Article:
Stocks and options. If you can’t short
stock, you may choose to buy a put option
instead. The position sizing and selection
is a tad more complicated thanks to time
decay and the leverage of options. But it
can be a lower-cost way to mimic a short
position without needing to pony up the
Theoretically, you might buy one stock
and pair it with a naked short call option
on another stock in the same sector (
instead of shorting the stock). For example,
you may still want to be long XYZ stock.
But rather than sell ZYX short, you may
opt to sell a ZYX out-of-the-money call
Although your position might look like
a covered call, you don’t own the stock
on which you’ve sold the call. So to trade
this strategy, you must be approved to
trade naked short call options, which
naturally carry inherent risks and capital
Options and options. What if rather
than buying one stock and selling another,
you opted to buy a call option on one stock
and a put on the other?
This may seem attractive because of
the lower cost, lower options tiers, and
lower requirements. Yet, there can be
other risks. Although you may not have
much directional (delta) risk, you are in
fact long two options. That means you
could have daily decay (theta), which
can get expensive with two long options
positions as the days pass. If you like this
approach, you may want to consider deep
in-the-money options. The higher deltas
and lower time decay could mitigate your
So, where doesn’t a pairs trade work
well with options? You may want to avoid
pairs trading on options spreads. The dy-
namics built into the profit curve of limit-
ed-risk strategies, such as vertical spreads
and the like, can make profiting from a
pairs trade di;cult.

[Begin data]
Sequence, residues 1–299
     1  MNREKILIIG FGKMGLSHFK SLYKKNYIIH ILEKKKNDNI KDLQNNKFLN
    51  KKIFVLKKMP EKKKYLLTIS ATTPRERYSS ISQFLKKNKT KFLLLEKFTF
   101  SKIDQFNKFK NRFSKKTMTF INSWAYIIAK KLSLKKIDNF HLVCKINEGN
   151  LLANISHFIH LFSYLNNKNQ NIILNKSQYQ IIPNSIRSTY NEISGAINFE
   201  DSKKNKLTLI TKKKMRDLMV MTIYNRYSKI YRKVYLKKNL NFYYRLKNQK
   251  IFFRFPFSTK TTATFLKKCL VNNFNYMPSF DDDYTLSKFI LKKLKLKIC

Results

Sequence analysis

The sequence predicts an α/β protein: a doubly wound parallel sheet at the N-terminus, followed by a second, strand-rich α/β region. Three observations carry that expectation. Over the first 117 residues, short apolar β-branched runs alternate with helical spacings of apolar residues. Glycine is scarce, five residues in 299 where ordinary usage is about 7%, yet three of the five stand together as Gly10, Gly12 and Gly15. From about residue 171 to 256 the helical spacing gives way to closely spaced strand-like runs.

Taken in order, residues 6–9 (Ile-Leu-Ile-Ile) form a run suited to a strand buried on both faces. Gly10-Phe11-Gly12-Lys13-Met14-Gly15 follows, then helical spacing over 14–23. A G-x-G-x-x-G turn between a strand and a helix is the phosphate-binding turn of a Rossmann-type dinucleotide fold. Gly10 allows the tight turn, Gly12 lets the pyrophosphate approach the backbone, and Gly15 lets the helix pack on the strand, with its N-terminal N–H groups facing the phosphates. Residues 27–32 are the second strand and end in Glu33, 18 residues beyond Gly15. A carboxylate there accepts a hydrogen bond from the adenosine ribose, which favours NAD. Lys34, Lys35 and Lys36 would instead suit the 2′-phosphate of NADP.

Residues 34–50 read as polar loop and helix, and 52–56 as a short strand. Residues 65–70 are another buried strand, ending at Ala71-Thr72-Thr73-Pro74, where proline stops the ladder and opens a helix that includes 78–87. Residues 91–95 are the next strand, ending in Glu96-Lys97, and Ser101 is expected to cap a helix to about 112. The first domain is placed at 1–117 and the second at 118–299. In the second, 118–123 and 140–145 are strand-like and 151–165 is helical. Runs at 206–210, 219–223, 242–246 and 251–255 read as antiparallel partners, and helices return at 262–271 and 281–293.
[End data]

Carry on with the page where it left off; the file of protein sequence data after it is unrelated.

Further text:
AS WITH EVERY THING IN TRADING,
there’s no one right path. No magic bullet
that guarantees the precise outcome you
desire. That said, pairs trading can be
adaptive, fluid, and useful. Pairs trades are
not without challenges, but they may still
be worth considering. Bringing them into
your vocabulary could be just what the
sandwich chef had in mind.
Kevin Lund is not a representative of TD Ameritrade,
Inc. The material, views, and opinions expressed in
this article are solely those of the author and may
not be reflective of those held by TD Ameritrade, Inc.
For more on the risks of trading options, see
page 38, #1– 2.
Options naked call: The risk of loss on an uncovered
call options position is potentially unlimited since
there is no limit to the price increase of the underlying security. Naked options strategies involve the
highest amount of risk and are only appropriate for
traders with the highest risk tolerance.
To get started, choose two similar stocks in the same sector
that exhibit comparable and consistent percentage moves
over a specified time period (at least a year). You can do this
on the thinkorswim® platform from TD;Ameritrade.
The quickest way to chart two stocks in a pair is to simply subtract the
symbol of the short stock from the symbol of the long stock (e.g., enter
“XYZ–ZYX”). The resulting chart will display the di;erence in prices across
any period of time.
Alternatively, you could use the Pairs Trader tool under the Trade tab of
1. Find the Studies button in the upper-right corner.
2. Select it, then hold the cursor over Quick Study. You’ll see a menu with
3. On the bottom right of that menu, you’ll see the words Compare With.
4. You’ll then see a list of default index symbols such as DJX and SPX, as
well as Custom Symbol near the top of that menu.
5. Under Custom Symbol, select the stock you’d like to compare to the
6. Your chart will reflect both symbols overlaid for your desired time
period, making it easy to spot current and prior gaps where the stocks
traded uncorrelated and the resulting price action.
HOW TO PICK
A PAIRS TRADE